While there is growing interest in this analysis and the beginnings of divestment away from coal, the vast majority of transactions on global stock markets are carried out for short term gain. Until the regulatory framework of capital markets turns them away from speculation and back into vehicles for productive investment in healthy and sustainable alternatives, low carbon finance will always be at risk.
There’s also an inbuilt bias in the financial system towards large projects under centralised control. Put simply, mega banks and pension funds aren’t interested in lending to small, community-owned ventures in renewables, though they can become interested in offshore wind or carbon capture. Investing in the energy efficiency of buildings is also a perennial ‘Cinderella’ in the investment world. The complexity of aggregating so many small investments to save a lot of carbon is not something that’s attractive in a real estate market that’s based around making returns from rising asset prices.
In responding to these challenges, the good news is that since 2008, civil society groups working on financial reform have quietly built the capacity to offer a wider range of workable alternatives. Share Action, for example, has fostered a new wave of shareholder activism to promote social and environmental goals in companies in which ordinary people have a stake via their pension funds.
Finance Watch has fought a lobbying battle with vested interests in Brussels over the post crisis regulation of the financial services sector in the European Union, while the New Economics Foundation has produced a whole body of research that shows how stakeholder banks and other small, local financial institutions are better at serving the interests of business and the community, as well as increasing the resilience of the financial system as a whole.
Positive Money is building a network of activists across Europe to organize and advocate for fundamental changes to monetary policy so that it meets the needs of society. And the Finance Innovation Lab supports new business models in finance that have a social or environmental purpose at their core. Through incubation and policy advocacy, the Lab has helped an alternative financial sector begin to flourish in the UK. In the US meanwhile, a group called Better Markets is challenging vested interests in the financial sector by organizing in Washington DC, while in Australia, Market Forces concentrates on how the financial system can address climate issues with more success.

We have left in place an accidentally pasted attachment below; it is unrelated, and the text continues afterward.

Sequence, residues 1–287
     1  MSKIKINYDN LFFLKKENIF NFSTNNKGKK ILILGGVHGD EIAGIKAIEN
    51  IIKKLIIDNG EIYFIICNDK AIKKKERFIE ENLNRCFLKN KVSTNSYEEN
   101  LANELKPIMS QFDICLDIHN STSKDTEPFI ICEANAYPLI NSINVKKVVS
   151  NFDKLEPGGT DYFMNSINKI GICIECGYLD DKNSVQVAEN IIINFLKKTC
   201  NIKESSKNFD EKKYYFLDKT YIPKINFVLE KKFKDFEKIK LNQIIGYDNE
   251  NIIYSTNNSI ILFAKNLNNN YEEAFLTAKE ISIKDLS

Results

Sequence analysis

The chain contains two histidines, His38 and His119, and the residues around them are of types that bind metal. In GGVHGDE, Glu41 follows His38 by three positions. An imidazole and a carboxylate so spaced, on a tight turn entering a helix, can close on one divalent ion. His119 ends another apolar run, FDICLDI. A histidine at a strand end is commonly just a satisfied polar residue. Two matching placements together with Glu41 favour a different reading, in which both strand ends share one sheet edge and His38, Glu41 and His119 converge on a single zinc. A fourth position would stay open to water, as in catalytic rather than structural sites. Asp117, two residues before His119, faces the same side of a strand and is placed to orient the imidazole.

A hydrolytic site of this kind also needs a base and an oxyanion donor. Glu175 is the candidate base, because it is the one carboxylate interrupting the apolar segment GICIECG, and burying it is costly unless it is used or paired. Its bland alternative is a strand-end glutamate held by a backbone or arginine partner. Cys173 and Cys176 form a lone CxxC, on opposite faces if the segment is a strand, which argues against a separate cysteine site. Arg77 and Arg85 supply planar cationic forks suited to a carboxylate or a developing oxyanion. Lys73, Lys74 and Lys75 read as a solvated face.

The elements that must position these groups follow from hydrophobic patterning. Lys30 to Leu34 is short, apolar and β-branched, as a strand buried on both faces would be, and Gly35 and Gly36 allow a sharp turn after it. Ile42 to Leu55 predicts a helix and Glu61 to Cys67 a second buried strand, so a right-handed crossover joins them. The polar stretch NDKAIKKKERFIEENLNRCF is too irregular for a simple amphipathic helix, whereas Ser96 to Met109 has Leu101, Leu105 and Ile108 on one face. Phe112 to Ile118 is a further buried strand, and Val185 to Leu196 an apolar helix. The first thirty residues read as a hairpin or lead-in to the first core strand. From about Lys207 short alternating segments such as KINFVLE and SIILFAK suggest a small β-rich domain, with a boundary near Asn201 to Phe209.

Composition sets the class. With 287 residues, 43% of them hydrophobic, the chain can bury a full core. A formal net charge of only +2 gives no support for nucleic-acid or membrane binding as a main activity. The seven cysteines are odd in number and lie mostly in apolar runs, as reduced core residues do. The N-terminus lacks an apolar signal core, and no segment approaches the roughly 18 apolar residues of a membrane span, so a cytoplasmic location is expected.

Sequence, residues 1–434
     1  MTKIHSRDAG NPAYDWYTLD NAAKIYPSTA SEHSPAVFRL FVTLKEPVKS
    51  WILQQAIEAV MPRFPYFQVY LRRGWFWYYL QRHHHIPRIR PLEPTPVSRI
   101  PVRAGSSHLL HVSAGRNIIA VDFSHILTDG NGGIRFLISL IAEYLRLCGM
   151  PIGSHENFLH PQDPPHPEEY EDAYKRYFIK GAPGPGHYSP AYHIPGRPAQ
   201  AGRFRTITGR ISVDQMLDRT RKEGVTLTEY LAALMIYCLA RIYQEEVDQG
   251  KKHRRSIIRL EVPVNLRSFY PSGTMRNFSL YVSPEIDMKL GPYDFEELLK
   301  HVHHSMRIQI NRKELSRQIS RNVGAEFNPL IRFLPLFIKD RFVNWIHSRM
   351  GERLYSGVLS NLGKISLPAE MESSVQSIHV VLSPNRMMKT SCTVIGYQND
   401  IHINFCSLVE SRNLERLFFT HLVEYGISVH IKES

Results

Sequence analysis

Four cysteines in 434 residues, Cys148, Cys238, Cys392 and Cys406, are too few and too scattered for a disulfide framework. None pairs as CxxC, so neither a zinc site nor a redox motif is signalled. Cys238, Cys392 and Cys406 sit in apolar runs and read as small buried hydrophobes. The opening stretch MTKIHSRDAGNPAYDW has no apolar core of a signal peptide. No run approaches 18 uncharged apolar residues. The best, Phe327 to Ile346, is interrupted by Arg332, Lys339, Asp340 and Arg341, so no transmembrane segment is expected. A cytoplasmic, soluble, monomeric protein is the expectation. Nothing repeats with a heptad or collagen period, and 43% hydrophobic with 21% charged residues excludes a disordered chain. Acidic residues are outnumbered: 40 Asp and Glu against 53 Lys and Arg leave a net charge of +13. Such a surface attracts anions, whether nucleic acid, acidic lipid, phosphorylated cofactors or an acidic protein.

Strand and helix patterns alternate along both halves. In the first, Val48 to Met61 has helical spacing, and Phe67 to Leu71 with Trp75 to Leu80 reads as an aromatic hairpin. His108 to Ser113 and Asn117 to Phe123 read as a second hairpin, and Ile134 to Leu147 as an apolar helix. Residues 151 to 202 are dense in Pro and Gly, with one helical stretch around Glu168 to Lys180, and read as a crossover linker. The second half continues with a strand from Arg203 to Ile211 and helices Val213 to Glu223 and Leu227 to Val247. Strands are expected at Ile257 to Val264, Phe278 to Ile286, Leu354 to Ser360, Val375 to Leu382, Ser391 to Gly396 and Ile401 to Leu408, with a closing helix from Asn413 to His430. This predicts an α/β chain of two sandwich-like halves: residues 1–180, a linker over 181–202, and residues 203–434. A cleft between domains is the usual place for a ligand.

Finally, here’s a concrete suggestion on how to use these capacities collectively. Since 2013, UK civil society groups focused on financial reform have been collaborating together in the Transforming Finance Network, which is holding a major event in London on May 11 to bring together all this thinking, research and innovation and to look for common ways forward in creating a system that addresses the challenges laid out above. Speakers include Lord Turner and Professor Mariana Mazzucato. You can find out more about the conference here.
After the crisis of 2008 there was a golden opportunity to transform the financial system, but the political will was absent, along with the capacity in civil society to understand the issues and add weight to campaigns. But this is less and less the case. The goal now is very clear: transforming finance is essential for transforming society. Let’s not allow another opportunity to go to waste.
About the author
Chris Hewett started working on policy with the Finance Innovation Lab in 2011 having previously worked for NGOs, think tanks and government on environment, economics and finance issues. He currently leads the Lab’s work on policy research and advocacy and convenes the Transforming Finance Network. Follow him on twitter @chrisjhewett. This article originally published at Open Democracy.